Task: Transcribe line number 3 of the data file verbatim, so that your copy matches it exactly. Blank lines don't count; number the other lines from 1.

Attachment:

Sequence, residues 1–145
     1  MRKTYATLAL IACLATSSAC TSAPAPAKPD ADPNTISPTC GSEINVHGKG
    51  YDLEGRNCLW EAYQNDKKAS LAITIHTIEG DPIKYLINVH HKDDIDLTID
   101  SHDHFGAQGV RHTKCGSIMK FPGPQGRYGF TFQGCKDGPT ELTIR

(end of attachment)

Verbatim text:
    51  YDLEGRNCLW EAYQNDKKAS LAITIHTIEG DPIKYLINVH HKDDIDLTID